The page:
Now You See Me sees four magicians with individual skill sets brought together by a mysterious superior who sets them up for three elaborate crimes which involve stealing mass amounts of money from various sources.
The group are labelled as the Four Horsemen and consist of Jesse Eisenburg’s cocky illusionist and his former assistant stuntwoman Isla Fisher, Woody Harrelson’s mind reader and Dave Franco’s slide of the hand trickster.
Whilst the magicians are busy tricking their way into bank vaults and accounts, tough guy cop Mark Ruffalo, alongside Melanie Laurent, struggle to bring them to justice despite additional help from a professional magic trick exploiter (Morgan Freeman).
For much of the feature, Now You See Me offers mass entertainment from the tricks being played out in front of your eyes to the thrilling cat and mouse chases. In addition, the highly impressive cast offer a strong comical and engaging dialogue. However, where the film disappoints is the lack of a strong finish, leaving you with a promising twist but also a complicated, flat finale. What’s more is the over elaborate special effects where the film tries too hard to impress on a visual scale. As a result, a promising story line with an impressive cast is somewhat ruined by a very weak ending. Now You See Me certainly has its moments of wonder and entertainment, but lacks a spell binding edge to make it anything more than a good watch.
As announced at Comic-Con last week, in rather elaborate fashion, 2015
will see the coming together of Superman and Batman. So what does this mean for both franchises and everyone involved? Well I certainly have a number of concerns.
The release of Man of Steel was met with mixed acclaim. Box office figures would suggest it was a success, yet not quite as rewarding as Warner Bros were perhaps intending. In addition, critically the film earned mixed reviews. I for one believed it just failed to meet my expectations. All this leaves Man of Steel with a question mark regarding whether it really was a true success or not. Compare this to Christopher Nolan’s Batman however and the success is unparalleled. This therefore begs the question; are Warner Bros using the already successful Dark Knight as a ‘get out of jail’ for the Superman “failure”?
The second question that has to be raised is how Batman will be portrayed. Will the character be completely rebooted? We know that Christian Bale’s time as the masked crusader has come to an end and will therefore need replacing. And although nothing was fully confirmed at the time, rumours did suggest that Nolan himself was finished with the Batman saga, yet Warner Bros have confirmed the man behind the Dark Knight as the executive producer for the Superman/Batman feature.
Finally, we’ve seen previously how combining the worlds of various super heroes can work in Avengers Assemble which had rave success. However, conflicting Batman with any other superhero raises questions. Nolan made Batman a hero separate from all others and fundamentally more realistic too. Adding the Superman element will ultimately introduce a whole new supernatural touch to the Batman world, which of course is how it is in the DC universe – but this could ruin Nolan’s adaptation so soon after the Dark Knight series. Equally, Superman has his own world. He is the only hero and should remain separate from any other. Therefore the move to intertwine both characters suggests to me that Man of Steel just wasn’t quite as rewarding as Zack Snyder and Warner Bros had intended.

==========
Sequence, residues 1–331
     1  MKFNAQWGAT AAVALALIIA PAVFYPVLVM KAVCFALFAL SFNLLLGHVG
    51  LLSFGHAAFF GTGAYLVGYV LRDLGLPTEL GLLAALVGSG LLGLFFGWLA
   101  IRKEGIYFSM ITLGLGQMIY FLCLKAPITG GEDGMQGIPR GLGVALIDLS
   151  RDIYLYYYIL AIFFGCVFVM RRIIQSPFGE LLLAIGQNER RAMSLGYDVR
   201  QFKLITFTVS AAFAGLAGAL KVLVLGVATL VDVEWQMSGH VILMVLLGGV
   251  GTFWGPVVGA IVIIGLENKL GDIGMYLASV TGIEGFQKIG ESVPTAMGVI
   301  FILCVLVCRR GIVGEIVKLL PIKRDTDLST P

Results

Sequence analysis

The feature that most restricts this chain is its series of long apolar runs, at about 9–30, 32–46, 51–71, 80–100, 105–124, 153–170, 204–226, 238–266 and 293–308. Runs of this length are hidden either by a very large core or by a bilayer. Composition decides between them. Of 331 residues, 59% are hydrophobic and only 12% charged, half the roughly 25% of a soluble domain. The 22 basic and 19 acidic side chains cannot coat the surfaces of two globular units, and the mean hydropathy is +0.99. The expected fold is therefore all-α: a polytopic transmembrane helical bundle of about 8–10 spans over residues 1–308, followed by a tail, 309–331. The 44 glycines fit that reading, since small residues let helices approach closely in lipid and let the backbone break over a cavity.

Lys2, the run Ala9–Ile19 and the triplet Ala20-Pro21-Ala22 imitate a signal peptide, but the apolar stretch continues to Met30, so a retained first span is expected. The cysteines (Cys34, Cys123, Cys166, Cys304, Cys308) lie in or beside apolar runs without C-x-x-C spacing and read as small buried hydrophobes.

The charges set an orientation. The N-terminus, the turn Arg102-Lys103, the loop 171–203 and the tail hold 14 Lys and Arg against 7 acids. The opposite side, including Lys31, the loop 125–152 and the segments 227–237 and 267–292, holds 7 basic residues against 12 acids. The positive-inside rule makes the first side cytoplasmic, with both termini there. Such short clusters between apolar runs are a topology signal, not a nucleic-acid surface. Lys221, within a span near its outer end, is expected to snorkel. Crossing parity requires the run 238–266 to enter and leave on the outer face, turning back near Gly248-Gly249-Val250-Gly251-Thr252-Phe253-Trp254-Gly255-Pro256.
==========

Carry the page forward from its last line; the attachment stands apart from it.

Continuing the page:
The Superman/Batman mash-up seems to have dissolved any potential plans for a Justice League feature for the time being. It seems Wonder Woman is next on the DC to do list and it may also take some rebooting to other characters before we see the Justice League altogether. What we already know is that Superman and Batman will be going head to head in 2015 and I for one would love the film to be a success. Yet my concerns heavily overlook my excitement and time will tell whether Warner Bros, Snyder and co can prove me wrong.
Gru returns in the second edition of Despicable Me, recruited by the Anti-Villain League (AVL) in order to catch the latest super criminal. This time however, there is a love interest for our main protagonist, which plays a huge underlying theme throughout the feature.
Since leaving his evil post, Gru has moved onto making jams and jellies in his laboratory whilst also continuing to look after his three adopted daughters Edith, Agnes and Margo. Whilst hosting a birthday party for Margo, we see just how sensitive Steve Carell’s character has become, with local mum’s typically looking to set Gru up on a date. The love interest however comes from Kristen Wiig’s Lucy, Gru’s partner after being recruited by the AVL. Russell Brand returns as Dr Nefario with a twist to his character, whilst Steve Coogan and Ken Jeong are also given cameos.
As always however, the Minions steal the show and provide constant laughs. Brilliantly voiced by directors Pierre Coffin and Chis Renaud who clearly realised that following the first Despicable Me, more Minion involvement was needed. The comedy throughout, like in the first feature, ranges from witty to wacky – satisfying both the older generation and the younger audience.
With the additional love interest along with some touching moments involving Gru’s three daughters, there are a number of engaging themes running throughout the second edition of Despicable Me. Just as artistically brilliant as the first feature, but even better than the first simply by adding to the laughs and making the characters even more enchanting to follow.